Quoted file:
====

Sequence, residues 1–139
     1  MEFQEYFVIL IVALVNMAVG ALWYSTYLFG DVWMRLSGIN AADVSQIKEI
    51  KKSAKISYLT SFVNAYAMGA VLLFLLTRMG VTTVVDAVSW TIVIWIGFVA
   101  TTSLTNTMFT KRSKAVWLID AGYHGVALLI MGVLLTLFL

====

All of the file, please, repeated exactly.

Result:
Sequence, residues 1–139
     1  MEFQEYFVIL IVALVNMAVG ALWYSTYLFG DVWMRLSGIN AADVSQIKEI
    51  KKSAKISYLT SFVNAYAMGA VLLFLLTRMG VTTVVDAVSW TIVIWIGFVA
   101  TTSLTNTMFT KRSKAVWLID AGYHGVALLI MGVLLTLFL